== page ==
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AIBU?

To think it is impossible to lose weight unless you have 1) time & 2) headspace?

135 replies

TuesdayBliss · 19/09/2022 18:09

By which I mean:

  • You are getting enough sleep
  • You are not anxious about anything happening in your life
  • You are not stressed
  • You are not overwhelmed with work
  • You are not worried
  • You have free time to plan, exercise, cook and so on


If any of the above factors are an issue in your life, then I think it’s simply not possible to have the energy, time, and positive attitude that make up the necessary commitment to losing weight. AIBU?
OP posts:
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Am I being unreasonable?

408 votes. Final results.

POLL
You are being unreasonable
43%
You are NOT being unreasonable
57%
Fairislefandango · 19/09/2022 19:42

Losing weight is hard full stop. I've lost significant weight 3 times (and have fluctuated but never returned to how heavy I was before that). Those 3 times were not times when I had more headspace or sleep, or energy or time. They were all in response to something - one was fear provoked by a medical issue exacerbated by weight, the other two were as a result of having no choice but to alter my diet (gallstones, then food intolerances).

So the issueis arguably motivation, not time or headspace.

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Carpy88999 · 19/09/2022 19:45

Hottubby · 19/09/2022 18:15

Absolutely agree. I am desperate to start to try and lose enough weight to reduce my health risks but it needs headspace and planning time that I just done have.

It doesn't. You're putting excuses in the way.

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tictoc76 · 19/09/2022 19:45

Tiredness and stress def do make it harder because it is easier to reach for a sugar rush and then you keep needing them. It can be done though - I have just started and it’s working despite all of the above issues you mentioned.

I have had about a million false starts first though when I decided to wait for my life to calm down but when I could no longer fit any of my clothes I realised I couldn’t keep waiting

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PortiaWithNoBreaks · 19/09/2022 19:51

The mechanism for losing weight is fairly simple and straightforward - being in a calorie deficit. It’s the behaviour change that’s difficult, the mindset. It’s unlikely there’ll ever be a time when there’s not something stressful or worrying happening. Much of your list are reasons to not change behaviour.

Instead of making it a Big Bang type of thing, could you make small changes? Even if your calories consumed stay the same but you expend more you will lose fat. Aiming for 10000 steps/day is a good start. Chose a small calorie deficit, say 10%. Make some food swaps.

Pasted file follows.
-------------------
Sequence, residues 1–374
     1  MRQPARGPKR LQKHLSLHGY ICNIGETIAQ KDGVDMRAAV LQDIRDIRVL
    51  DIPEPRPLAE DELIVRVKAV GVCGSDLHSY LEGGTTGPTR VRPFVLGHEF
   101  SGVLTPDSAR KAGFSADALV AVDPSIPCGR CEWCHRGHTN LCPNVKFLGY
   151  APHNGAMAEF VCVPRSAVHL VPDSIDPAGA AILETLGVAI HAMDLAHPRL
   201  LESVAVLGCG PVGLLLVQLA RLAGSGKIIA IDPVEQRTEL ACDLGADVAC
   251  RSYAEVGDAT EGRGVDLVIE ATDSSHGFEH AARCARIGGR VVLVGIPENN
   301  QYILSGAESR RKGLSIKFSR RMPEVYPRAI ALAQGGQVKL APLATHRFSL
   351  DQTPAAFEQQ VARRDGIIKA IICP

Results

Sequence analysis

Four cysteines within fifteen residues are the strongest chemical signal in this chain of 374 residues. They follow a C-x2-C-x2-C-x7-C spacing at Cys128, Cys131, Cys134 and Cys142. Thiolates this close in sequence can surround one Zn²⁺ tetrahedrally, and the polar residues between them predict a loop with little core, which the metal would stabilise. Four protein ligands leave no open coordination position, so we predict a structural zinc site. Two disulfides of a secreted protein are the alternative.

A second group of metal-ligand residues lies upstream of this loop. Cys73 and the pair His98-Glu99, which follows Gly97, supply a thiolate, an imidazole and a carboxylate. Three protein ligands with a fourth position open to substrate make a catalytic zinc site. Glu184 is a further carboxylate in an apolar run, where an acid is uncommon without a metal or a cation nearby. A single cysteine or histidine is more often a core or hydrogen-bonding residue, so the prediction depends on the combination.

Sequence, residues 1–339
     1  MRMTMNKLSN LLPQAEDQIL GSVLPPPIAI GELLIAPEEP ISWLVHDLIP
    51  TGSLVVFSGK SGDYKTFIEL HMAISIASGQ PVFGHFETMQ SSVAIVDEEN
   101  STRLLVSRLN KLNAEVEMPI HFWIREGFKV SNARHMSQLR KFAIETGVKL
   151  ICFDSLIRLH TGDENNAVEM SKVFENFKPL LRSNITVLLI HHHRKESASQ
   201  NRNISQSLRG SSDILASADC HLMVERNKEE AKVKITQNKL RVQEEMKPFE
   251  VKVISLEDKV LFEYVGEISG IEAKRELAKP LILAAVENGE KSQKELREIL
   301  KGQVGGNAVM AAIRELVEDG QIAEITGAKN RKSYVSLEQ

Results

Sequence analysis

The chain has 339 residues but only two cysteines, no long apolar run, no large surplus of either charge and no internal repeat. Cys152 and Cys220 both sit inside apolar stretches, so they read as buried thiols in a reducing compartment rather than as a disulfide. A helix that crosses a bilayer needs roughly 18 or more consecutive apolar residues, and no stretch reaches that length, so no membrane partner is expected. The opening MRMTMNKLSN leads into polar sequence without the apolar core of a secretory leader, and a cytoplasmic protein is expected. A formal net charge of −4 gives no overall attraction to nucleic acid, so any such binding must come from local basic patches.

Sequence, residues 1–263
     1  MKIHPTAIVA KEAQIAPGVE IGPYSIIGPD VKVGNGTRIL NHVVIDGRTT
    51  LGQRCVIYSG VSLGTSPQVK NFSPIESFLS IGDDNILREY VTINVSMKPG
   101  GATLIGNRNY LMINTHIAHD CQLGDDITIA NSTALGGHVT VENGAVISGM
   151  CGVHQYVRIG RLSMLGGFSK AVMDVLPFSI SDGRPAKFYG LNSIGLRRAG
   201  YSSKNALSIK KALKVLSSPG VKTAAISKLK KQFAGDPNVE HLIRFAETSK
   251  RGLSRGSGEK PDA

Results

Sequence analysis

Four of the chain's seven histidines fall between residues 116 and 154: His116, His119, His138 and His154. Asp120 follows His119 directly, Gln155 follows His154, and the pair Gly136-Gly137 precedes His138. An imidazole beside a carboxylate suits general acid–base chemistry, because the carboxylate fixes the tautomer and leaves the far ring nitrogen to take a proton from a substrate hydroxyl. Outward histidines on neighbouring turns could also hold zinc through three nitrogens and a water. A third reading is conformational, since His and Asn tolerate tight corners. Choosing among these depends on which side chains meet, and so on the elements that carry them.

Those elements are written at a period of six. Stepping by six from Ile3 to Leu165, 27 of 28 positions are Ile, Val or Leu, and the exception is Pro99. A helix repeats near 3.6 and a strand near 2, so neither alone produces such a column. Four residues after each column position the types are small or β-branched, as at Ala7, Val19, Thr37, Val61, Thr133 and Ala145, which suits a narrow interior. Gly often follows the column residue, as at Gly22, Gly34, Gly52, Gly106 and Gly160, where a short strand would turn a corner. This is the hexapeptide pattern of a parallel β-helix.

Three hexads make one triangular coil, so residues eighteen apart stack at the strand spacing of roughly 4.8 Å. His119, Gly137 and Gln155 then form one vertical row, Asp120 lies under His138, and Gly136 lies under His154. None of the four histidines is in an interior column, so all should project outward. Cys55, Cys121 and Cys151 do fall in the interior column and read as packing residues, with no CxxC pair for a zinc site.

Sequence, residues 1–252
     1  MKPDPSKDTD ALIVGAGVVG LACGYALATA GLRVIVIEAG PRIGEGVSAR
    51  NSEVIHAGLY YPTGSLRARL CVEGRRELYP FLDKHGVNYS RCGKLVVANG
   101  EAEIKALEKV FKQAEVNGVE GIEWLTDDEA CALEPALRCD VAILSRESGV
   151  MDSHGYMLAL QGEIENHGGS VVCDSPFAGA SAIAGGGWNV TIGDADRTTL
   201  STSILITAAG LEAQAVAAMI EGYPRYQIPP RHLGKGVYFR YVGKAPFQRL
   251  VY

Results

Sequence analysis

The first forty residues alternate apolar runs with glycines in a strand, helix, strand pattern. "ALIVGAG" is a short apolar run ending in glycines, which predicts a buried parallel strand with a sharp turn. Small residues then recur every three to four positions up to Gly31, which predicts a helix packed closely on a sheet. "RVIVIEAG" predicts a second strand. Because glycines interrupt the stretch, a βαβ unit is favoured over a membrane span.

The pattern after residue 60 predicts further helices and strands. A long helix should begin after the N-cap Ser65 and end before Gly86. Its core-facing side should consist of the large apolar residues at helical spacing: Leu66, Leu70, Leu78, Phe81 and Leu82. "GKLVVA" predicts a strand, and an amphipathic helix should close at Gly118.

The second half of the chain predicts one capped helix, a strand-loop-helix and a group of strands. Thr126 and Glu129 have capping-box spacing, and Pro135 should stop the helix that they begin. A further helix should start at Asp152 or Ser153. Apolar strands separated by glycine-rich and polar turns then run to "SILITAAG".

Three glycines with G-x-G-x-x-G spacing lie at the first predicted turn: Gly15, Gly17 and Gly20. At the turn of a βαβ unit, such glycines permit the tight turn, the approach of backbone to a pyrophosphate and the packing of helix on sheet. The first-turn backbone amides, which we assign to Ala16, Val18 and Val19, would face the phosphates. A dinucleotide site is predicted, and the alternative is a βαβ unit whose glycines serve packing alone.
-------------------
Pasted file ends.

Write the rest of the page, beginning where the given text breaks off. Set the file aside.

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EilonwyWithRedGoldHair · 19/09/2022 20:01

Internet says 10,000 steps is about 1hr 40mins.

Report
Flangelasashes · 19/09/2022 20:04

There will never BE a right time, there will always be stress, triggers, busyness, stain, turmoil, fast paced living etc. That is just life.

You will spend your whole life waiting for the right time and it will never come.

If you want it, the time is NOW.

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LaughingCat · 19/09/2022 20:04
  1. I am working 90+ hour weeks in a v. high pressure job
  2. I am also responsible for over 80% of housework, laundry and cooking
  3. My job is new and I’m anxious I’m not good enough and very worried about my probation
  4. Trying to sell our house, buy a new one and move. Nuff said.
  5. COVID earlier this year left me with a heart condition which, at my age, is a bit terrifying so exercising has to be light and low impact.
  6. I have limited free time - between family responsibilities and work, I’m constantly at it.
  7. All of the above often leaves me feeling exhausted and yet sleep is patchy.

    I decided that I needed to start prioritising my health recently when I slipped into the obese BMI category, when just this time last year I was firmly in the healthy category. 20kg gain in a year. Jaysus.

    Takes me 15 mins to meal plan while pooing on a Saturday morning (yeah, gross). A further ten mins to build my shopping list for each day (after I’ve washed my hands, natch). We have a Tesco/Morrisons/Aldi within a seven minute walk so I try to nip down there every other day or so and only pick up what I need, which is the stuff on my list, then carry it back.

    You eat 100% of what’s around you so I make sure that processed snacks for the household are all in a closed Tupperware box on a cupboard shelf that isn’t on eye level. Then I make sure I have a couple of fruit options, some 0% yoghurt, fat free cottage cheese and some fruit loaf around to grab when I’m hungry.

    Meal prep what I can on the Sunday. Get up half an hour earlier each day during the week to prep lunches and dinner so all I have to do is cook when the time comes. Go for a power walk after dark and at any 10-20 mins I find free or during a meeting I don’t need to have my camera on for…even a quick walk around the estate is better than nothing.

    Eating better stops the sugar spikes and crashes which has helped to even out my mood. It also means I’m sleeping better when I do sleep, which then means I have less urges to snack during the day which is a win, win.